Capitol Coverage: Corporal Punishment in Colorado Schools

A Democratic proposal to ban corporal punishment in public schools and child care facilities receiving state money initially passed the House on Monday. But as Bente Birkeland reports, while Colorado is one of 19 states where corporal punishment is not explicitly banned, some lawmakers say the proposal is not necessary.

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    Capitol Coverage: Corporal Punishment in Colorado Schools kgnu

 

The state’s system of local control leaves the decision up to individual school districts. Data shows that it is exceedingly rare and that no school district in Colorado currently allows it.

So former school superintendent and Republican Representative Jim Wilson of Salida says why create a new law?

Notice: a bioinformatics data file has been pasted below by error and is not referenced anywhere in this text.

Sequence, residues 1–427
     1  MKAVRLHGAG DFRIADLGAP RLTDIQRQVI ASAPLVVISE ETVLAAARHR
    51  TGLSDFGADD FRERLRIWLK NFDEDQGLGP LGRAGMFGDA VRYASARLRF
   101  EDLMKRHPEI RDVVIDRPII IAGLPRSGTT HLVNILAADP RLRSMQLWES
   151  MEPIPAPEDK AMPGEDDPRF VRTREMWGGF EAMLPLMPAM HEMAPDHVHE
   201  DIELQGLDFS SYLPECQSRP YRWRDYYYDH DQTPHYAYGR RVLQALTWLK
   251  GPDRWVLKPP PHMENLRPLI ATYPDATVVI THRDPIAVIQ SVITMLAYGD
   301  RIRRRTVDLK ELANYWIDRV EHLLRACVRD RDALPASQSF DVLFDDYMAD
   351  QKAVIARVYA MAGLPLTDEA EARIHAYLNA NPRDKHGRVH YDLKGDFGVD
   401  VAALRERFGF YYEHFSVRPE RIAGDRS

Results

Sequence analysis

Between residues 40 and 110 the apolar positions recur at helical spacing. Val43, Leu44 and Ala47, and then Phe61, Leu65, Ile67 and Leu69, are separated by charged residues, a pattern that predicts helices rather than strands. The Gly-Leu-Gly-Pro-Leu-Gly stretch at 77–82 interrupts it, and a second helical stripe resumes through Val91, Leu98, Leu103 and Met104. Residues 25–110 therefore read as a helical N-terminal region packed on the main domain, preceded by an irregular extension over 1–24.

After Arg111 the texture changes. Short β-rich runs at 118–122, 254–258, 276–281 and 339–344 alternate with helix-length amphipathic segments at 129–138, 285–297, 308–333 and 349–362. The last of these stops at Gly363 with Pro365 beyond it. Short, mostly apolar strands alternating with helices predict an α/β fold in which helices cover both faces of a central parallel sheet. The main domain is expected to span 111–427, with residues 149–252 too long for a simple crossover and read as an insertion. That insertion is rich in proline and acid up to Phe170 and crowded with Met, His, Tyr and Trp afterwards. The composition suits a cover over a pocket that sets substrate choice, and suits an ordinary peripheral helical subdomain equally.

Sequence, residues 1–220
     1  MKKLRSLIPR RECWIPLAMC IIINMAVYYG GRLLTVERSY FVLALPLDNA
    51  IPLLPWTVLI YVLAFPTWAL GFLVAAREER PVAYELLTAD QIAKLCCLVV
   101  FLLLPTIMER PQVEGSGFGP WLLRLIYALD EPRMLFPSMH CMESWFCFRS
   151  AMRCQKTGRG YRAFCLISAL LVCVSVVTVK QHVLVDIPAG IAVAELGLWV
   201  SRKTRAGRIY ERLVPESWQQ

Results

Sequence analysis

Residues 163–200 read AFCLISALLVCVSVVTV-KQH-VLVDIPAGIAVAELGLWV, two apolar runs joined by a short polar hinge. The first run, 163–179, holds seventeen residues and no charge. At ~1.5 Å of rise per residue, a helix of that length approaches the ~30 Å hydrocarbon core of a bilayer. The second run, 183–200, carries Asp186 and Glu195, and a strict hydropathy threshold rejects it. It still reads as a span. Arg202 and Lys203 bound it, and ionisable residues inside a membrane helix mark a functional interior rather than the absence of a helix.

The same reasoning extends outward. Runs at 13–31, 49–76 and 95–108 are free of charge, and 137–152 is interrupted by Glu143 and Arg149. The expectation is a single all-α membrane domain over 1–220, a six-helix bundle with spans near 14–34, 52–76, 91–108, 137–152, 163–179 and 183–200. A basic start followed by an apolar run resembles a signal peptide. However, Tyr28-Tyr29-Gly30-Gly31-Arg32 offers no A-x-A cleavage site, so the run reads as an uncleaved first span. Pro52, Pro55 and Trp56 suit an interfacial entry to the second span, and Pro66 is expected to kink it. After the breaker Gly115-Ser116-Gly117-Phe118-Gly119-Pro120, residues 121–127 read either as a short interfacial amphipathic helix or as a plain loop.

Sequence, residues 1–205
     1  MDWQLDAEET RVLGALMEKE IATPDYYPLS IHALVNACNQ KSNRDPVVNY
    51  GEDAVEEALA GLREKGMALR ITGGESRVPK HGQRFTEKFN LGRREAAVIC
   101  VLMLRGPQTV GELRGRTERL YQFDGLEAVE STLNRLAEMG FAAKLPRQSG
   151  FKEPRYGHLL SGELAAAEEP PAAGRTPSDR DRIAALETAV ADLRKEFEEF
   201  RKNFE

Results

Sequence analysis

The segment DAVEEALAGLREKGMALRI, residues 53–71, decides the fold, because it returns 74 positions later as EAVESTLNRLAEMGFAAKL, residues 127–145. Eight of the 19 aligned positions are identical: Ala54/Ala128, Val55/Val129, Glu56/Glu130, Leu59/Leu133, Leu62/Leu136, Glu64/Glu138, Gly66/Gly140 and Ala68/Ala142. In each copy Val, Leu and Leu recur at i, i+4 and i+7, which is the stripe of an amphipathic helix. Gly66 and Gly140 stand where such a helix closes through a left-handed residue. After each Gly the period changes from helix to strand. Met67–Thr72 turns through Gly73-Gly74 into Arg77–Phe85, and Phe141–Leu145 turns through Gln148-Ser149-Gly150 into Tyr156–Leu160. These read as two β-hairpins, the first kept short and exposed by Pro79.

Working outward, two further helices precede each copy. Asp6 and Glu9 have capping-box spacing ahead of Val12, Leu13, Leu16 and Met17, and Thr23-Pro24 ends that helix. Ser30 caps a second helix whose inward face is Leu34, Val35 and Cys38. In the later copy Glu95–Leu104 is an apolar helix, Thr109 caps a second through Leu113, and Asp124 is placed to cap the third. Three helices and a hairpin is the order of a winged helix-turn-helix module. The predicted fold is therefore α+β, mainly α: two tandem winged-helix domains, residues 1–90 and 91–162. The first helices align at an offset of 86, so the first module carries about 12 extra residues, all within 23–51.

What we have in place is working. I’m one of those folks that believe that if it ain’t broke don’t fix it.

That’s the argument he and other Republicans made.

But Democratic sponsor, Representative Susan Lontine of Denver says her proposal will reinforce best practices and believes there should be clarity in state statute to define corporal punishment.

I believe that is best the state has a standard and if school districts want to add to that they are certainly free to.

 

It’s not clear if the measure will pass the Republican controlled Senate. Despite some Republican opposition on the House floor the measure cleared an earlier committee with bipartisan support. I’m BB at the state capitol.

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    Capitol Coverage: Corporal Punishment in Colorado Schools kgnu

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